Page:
Iran is pushing online censorship to a new level with a two-year plan to phase out access to the world wide web, and establish a national internet completely disconnected from the outside world. Government ministers said the system would comply with Islamic law, making it "a genuinely halal network." The project would be an important part of Iran's effort to keep out Western ideas and morals — which Iran's Supreme Leader Ayatollah Ali Khamenei has referred to as the "soft war" — and would also make it harder for opposition activists to tap into social media to fuel their cause. Could Tehran really pull it off?
It will be difficult, but not impossible: "Not even China has taken such drastic steps," says Rick Moran at The American Thinker, although Beijing might be next if Iran really manages to cut off its citizens from the rest of the world. This would, of course, be a huge setback for democracy advocates, who rely on the internet to organize and to get help from the outside world. "I suppose it was inevitable that the technological advances brought about by the internet would eventually lead to the means to squelch it."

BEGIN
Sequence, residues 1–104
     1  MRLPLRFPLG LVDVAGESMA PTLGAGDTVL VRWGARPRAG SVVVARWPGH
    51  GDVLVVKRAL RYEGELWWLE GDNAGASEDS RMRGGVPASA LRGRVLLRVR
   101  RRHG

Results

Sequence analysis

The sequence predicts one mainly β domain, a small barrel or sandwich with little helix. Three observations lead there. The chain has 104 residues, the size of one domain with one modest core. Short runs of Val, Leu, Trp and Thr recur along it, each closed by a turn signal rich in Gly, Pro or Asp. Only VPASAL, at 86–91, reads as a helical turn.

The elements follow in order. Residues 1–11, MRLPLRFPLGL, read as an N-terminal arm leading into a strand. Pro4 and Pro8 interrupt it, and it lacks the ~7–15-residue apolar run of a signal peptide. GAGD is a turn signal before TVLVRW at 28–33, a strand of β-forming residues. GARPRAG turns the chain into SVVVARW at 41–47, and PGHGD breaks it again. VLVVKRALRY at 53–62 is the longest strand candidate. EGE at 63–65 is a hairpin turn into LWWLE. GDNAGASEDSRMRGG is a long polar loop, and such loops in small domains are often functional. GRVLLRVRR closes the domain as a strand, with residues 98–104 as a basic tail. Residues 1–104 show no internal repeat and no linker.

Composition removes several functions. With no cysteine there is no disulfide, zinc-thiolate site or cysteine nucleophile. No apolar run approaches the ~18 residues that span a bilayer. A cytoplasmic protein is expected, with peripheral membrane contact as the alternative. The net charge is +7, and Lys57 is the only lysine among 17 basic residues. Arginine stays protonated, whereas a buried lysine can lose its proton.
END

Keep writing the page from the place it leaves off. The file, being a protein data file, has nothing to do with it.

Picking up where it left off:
"Iran seeks its own state-run internet"
This will never work: Tehran failed miserably when it tried to cut off pro-democracy protesters from Facebook and Twitter, says Nick Farrell at TechEye. This latest plan might annoy the novices among the 11 percent of Iranians who have internet access now, but "the technically literate will create a dark web that will render the whole government effort useless."
"Iran has had enough of the internet"
Even if it works, the government will regret it: "The ambitious internet plan is not without its difficulties, says Adweek. And for the government, the worst-case scenario might be that they actually succeed. "Such a closed off system could stunt investment opportunities with other censor-minded nations such as Russia and China," and Iran desperately needs financial help to survive.
"Iran goes off the grid"
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